By Mick Krasner, MD
Several years ago, a colleague and good friend, one of the core faculty in the original project that led to what we now call Mindful Practice in Medicine, shared an interesting aspect of how Mindfulness has affected his professional life. A very well-trained anesthesiologist, he entered that field after initial surgical training. Early in his anesthesiology career, he realized that his work-related stress was largely due to how he practiced, which was with a constant vigilance to considering what he would do if the case he was managing turned for the worse. He lived during, and even before, each case within the algorithms; he was taught with their outlined and branching logic patterns as he considered the multiple options from moment to moment during the surgeries. He often felt exhausted and nearly frozen by simply anticipating an upcoming complex case.
That was until he began to practice Mindfulness, and not simply the formal practice on the cushion, but the process of integrating Mindfulness into his actual work, the “real meditation” so to speak. And when this transition process began to take hold, he found that his anxiety and stress levels lessened, at least the downstream effects of living in that constant state of “what-ifs.” As he described it to me, he realized that he was very well-trained and experienced and knew what to do should complications or other challenges arise. His job, as he now understands it, is to be present, to monitor, to notice, to bring as full awareness as possible, monitoring the patient, the team, the room, and himself in the process. And he related to me that it was at that transformational point that he realized he had become an excellent anesthesiologist.
Boyd Varty is a Life Coach and a family member of the founders of the Londolozi Game Reserve in South Africa and has refined the art of using the wilderness as a place for deep introspection and personal transformation. He wrote The Lion Tracker’s Guide to Life. As a student of the world’s most skilled animal trackers, he quoted one of his mentors in the book, a member of the Shangaan Tsonga tribe whose history of lion tracking covers several millennia, “I don’t know where we are going, but I know exactly how to get there.” Within the dynamic of tracking an animal like a lion, the tracker makes a profound commitment to find the animal, working with their (the tracker’s and animal’s) presence from moment to moment, operating with awareness of the signs that the animal is leaving. The tracker does not need to know the outcome but must be completely attuned to what is described as “the next first track,” distilling the tracking process as flowing from one moment of knowing and presence to the next moment of knowing and presence.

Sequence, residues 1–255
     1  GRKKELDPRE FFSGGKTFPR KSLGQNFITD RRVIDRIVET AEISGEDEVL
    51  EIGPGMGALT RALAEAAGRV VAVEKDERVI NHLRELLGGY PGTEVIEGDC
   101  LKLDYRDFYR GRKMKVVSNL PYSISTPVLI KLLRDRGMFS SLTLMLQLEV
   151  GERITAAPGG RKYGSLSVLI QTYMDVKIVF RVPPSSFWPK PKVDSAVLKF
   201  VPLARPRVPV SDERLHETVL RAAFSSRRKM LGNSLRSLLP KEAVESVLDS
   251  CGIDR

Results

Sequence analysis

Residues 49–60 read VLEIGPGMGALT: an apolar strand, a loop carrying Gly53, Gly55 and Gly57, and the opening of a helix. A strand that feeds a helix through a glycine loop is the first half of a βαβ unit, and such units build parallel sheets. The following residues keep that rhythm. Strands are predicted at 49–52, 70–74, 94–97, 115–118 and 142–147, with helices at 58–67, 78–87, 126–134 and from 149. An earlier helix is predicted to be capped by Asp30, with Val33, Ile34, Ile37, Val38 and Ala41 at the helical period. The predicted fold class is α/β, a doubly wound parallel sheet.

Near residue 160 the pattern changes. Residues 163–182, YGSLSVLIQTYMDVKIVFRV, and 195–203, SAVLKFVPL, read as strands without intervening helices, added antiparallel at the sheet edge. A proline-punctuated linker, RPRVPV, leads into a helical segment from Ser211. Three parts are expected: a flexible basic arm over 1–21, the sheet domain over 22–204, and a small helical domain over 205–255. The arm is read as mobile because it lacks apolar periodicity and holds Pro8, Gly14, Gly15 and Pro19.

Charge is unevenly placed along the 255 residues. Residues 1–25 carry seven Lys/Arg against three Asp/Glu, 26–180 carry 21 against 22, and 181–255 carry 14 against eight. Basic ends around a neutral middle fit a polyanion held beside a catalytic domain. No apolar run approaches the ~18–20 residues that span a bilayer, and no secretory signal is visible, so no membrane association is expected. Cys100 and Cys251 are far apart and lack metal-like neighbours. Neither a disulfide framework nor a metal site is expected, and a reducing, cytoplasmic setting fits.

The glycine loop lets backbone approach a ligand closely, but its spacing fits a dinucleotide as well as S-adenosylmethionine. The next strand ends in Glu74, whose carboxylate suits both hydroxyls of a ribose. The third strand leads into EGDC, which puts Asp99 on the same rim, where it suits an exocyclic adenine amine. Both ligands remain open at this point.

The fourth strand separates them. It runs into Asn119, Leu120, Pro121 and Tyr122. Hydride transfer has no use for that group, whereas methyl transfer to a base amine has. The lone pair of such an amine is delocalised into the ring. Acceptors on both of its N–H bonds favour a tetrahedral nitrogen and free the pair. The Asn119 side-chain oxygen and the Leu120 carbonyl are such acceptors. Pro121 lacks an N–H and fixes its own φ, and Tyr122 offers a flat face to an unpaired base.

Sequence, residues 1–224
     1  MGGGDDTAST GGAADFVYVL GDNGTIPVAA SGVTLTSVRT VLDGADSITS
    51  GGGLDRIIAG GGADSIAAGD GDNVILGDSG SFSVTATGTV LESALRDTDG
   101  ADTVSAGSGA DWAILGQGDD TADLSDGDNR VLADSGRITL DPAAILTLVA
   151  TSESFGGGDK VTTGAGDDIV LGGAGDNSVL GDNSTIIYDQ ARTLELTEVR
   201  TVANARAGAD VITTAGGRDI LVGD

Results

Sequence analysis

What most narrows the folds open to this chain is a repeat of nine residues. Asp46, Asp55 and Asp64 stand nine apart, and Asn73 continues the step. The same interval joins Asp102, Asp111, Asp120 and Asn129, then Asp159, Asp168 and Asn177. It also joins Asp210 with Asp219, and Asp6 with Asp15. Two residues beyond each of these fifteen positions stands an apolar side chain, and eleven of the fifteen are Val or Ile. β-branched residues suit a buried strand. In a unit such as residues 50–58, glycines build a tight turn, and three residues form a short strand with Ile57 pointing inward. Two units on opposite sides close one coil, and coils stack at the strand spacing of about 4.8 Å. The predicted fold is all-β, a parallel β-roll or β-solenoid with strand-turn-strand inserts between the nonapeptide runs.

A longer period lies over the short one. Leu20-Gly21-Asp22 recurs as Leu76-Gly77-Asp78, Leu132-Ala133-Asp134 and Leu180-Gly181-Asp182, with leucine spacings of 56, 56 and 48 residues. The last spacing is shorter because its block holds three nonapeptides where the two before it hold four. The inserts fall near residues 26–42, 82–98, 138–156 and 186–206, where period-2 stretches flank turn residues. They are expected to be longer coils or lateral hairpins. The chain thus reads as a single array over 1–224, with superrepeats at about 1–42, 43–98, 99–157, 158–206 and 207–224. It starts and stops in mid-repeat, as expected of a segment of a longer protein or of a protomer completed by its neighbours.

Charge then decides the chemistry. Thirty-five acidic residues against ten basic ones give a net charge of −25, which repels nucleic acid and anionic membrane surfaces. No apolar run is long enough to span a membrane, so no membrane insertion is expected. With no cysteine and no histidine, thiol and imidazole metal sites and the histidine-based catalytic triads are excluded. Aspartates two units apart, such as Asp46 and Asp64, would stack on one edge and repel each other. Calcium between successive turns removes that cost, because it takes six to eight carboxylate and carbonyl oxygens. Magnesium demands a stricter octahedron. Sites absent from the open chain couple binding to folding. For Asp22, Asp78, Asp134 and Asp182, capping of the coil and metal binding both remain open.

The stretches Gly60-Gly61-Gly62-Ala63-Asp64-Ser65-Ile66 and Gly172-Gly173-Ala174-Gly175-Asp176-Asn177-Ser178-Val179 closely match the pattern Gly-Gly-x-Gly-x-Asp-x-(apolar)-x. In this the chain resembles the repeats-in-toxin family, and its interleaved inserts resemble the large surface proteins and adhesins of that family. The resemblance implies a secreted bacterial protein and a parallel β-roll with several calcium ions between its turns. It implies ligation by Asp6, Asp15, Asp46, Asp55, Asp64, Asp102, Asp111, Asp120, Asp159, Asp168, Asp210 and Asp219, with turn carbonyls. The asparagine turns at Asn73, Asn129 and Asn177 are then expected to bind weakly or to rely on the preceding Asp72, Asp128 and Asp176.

As Boyd worked through significant and paralyzing trauma that he and his family experienced, he began to see the tracking experience and his approach to tracking in a new light and as part of a more significant personal transformation. The elements of that healing process for him include the following: 1) Becoming comfortable with the “super uncomfortable” unknowns. 2) As a corollary, letting go of all the ways he tells himself he knows what to do and admits to the statement, “I don’t know what to do.” 3) Developing a more nuanced “track awareness,” which involves attunement to signs through self- and other-awareness and a letting go of what he thinks he needs while syncing with the larger tapestry of information in his life. 4) This allows him to move towards what he finds most curious and what makes him feel most alive, beyond preconceived ideas of what that should look like. 5) As these develop, discovering the ability to enter “the following state,” how to take the next step, to be open, creative, at play, and willing to welcome the inevitability at times of “losing the track.” 6) And finally, integrating the part of him that already knows, beyond cognition or rationalization, of what to do next.
Reflecting on this, I am struck by the similarities with my anesthesiologist friend’s process and by the correspondence to Mindful Practice in Medicine: Attentive Observation, Critical Curiosity, Beginner’s Mind, and Presence. Our professional work as well as our personal lives (the two, of course, are not separate but co-extensive) in so many ways can be thought of as a lifelong tracking practice, from the very specifics of the medical encounter and all that clinical care entails to the broader patterns and movements of our lives. We indeed do not know where we are going at any given moment, but we do know exactly how to get there. In that, we may place our trust.